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Living Life One Extension at a Time - Extension One Part 2

Updated: 2 days ago

One advanced prostate cancer survivor's story of living through incurable prostate cancer with one life extending treatment at a time.




Time for My Second Radiation Treatment

I believe it was in September 2019 that my radiation oncologist told me he would like to radiate my prostate since it was my largest tumor in my body. The preparations needed for this radiation provided some entertainment after the fact. They needed to put two gold markers into my prostate so that they could be used to target the tumor precisely. I also had SpaceOar Gel put in. This is a gel that separates the prostate from the rectum to help minimize radiation exposure to the rectum. This was all done in one appointment. I went to my urology clinic and was taken to an exam room so I could get naked and put on one of those lovely gowns. You know, the kind your butt hangs out of. Then they took me into the procedure room, I had no idea what to expect. When I walked in, there was a table to my right, with stirrups on it! My first thought was I was in the wrong room, not pregnant, what the hell was this for. Well, get up on the table, feet into the stirrups and slide your butt all the way to the end of table. There went all my modesty! And what did Beth say again, now you know what it's like. If that wasn't enough, I had to have a CT simulation also before the start of radiation. The rule when you do this and all your radiation treatments to the prostate is you have to have a full bladder. On the day of the simulation I must have over studied. My bladder was at the burst level by the time we got to the clinic. My lead radiation tech comes out and gets me and on the way back she tells me the radiation oncologist needs to talk to me. I'm thinking let's just get this over! The doctor tells me, oh by the way they will be giving me a catheter. I've never had a catheter and now a couple of young ladies will be doing my first. I'm also thinking I'm not responsible for what happens when you tap my bladder, it's at redline pressure. Well they only went up to the bladder so they could put a dye inside the urethra so it could be seen in the scan. The scan didn't take long and I'm ready to go to the bathroom. Wait, don't move we need to give you your tattoos. What, I was in the Navy for seven years and never got one. They gave me three little x's, one on each side and one on top. These would be used to initially line me up in the radiation machine. Now you can go to the bathroom. The treatments were uneventful, 5 days a week for four weeks. My last treatment was the day before Halloween. The lead tech enjoyed decorating for Halloween as you can see by the radiation machine becoming a monster for Halloween.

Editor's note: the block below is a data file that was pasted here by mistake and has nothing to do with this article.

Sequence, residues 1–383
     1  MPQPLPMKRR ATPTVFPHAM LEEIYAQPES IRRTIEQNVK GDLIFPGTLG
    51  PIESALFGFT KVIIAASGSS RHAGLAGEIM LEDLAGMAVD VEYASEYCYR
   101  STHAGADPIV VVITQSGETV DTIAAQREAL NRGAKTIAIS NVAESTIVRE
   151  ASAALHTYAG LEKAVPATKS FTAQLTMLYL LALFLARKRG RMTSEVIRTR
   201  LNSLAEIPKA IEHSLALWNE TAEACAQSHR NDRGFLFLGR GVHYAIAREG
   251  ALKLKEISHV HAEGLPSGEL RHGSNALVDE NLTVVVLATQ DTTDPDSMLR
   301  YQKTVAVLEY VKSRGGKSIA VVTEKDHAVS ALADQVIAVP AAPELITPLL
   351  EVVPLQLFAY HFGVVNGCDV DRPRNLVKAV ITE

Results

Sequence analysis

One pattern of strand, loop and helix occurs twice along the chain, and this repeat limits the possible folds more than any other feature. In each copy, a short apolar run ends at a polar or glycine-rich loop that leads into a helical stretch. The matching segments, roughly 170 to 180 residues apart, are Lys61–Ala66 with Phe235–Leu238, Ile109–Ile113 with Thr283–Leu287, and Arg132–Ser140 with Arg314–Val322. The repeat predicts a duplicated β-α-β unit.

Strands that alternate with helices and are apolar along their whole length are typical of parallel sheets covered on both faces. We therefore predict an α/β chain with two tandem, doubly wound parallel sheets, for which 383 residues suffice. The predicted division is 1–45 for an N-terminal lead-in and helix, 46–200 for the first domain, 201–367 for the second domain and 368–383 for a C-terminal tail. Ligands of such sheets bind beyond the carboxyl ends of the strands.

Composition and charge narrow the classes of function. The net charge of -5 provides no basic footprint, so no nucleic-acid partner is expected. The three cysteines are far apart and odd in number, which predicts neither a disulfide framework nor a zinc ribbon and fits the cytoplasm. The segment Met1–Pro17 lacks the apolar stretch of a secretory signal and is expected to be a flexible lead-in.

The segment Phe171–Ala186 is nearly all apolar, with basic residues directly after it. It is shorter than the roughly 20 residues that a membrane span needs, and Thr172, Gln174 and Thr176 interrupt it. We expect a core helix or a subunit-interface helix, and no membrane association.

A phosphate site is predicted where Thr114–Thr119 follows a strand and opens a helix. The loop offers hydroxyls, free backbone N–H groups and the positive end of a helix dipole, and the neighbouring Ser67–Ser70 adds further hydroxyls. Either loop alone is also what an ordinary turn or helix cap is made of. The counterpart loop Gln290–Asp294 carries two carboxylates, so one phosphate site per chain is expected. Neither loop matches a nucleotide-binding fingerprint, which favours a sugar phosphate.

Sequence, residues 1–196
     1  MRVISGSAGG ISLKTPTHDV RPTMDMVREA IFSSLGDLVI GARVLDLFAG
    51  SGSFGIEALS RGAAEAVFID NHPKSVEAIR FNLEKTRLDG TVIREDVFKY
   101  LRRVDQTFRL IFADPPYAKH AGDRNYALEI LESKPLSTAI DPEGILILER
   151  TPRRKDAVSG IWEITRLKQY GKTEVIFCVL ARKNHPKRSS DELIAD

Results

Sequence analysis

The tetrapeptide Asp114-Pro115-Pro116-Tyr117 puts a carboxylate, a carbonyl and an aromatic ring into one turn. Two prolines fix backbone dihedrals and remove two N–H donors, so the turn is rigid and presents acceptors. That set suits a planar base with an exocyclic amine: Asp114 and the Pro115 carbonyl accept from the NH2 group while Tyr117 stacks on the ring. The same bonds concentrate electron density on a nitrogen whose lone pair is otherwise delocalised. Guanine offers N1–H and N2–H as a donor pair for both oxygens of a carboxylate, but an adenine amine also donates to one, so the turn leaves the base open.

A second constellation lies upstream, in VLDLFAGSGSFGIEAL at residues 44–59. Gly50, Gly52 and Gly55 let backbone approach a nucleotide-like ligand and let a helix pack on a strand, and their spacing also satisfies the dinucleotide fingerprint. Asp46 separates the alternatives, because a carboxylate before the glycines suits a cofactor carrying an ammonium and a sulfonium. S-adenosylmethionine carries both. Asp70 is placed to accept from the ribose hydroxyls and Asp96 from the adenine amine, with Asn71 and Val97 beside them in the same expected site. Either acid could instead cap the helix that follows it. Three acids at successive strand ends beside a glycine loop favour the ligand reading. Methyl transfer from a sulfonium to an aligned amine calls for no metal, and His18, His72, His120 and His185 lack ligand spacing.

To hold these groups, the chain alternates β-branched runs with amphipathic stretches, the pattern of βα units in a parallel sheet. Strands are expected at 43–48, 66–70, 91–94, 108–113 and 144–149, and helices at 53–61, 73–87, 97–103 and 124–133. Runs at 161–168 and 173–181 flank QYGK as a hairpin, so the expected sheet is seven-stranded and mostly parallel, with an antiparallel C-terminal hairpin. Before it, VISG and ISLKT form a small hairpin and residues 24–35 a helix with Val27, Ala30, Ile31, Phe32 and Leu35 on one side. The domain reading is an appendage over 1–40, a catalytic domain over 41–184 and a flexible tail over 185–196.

The Realization and the Goal

During my prostate radiation I had a discussion with the nurse practitioner that took care of all the advanced cancer patients. I asked what to expect in my future, she told me that the hormone therapy generally works for 18-24 months and then I would need go onto something else. This is when I realized that this is no sprint, it's a marathon. I decided I needed a goal, something I've never done before and something that would be hard to achieve. Four weeks after diagnosis there was a 5k run/walk held at my urology clinic. Beth and I decided to attend and so did Bonnie, our oldest daughter. Bonnie and I did the one mile walk. I decided to do some fundraising for the event and my radiology team asked me to be on their team. Surprisingly I ended up being the top individual fundraiser. This brings me to the goal. May 30th 2020 would be the next run/walk and I decided I would RUN it. Now I've never been a runner, never liked running and thought everyone that did it was nuts. But I thought what the hell I'm a 58 year old, out of shape, stage four prostate cancer patient, this should be easy.


Let the Training Begin and the First 5k

I decided to start training for the 5k in December. I found an app that fit me perfectly, it was "Couch Potato to 5k". That described my situation pretty well. This app has you enter data about yourself to estimate how much time it should take you to reach a 5k and customize your training schedule. It said eight weeks for me. I thought I would be conservative and give myself three months to complete it and then I would have three months to improve my time. That thought completely fell through! It took me two weeks to just get through week one. By the end of December I felt like I wasn't getting any where with the app so I changed to walking on the treadmill everyday. At first it was less than two miles at a medium pace. Eventually I made the 5k distance at this pace. Then I started slowly increasing the pace. I spent 30 out of 31 day in January on the treadmill. To cut to the chase, it took me all six months to get to being able to run a 5k. As you know Covid hit and run/walk did not occur but on May 30th my daughter Becky and her husband came up to our little town and the three of us did a 5k around town. This was my first full 5k run, my goal was to do it in 37 minutes. I made it happen in 36:59!

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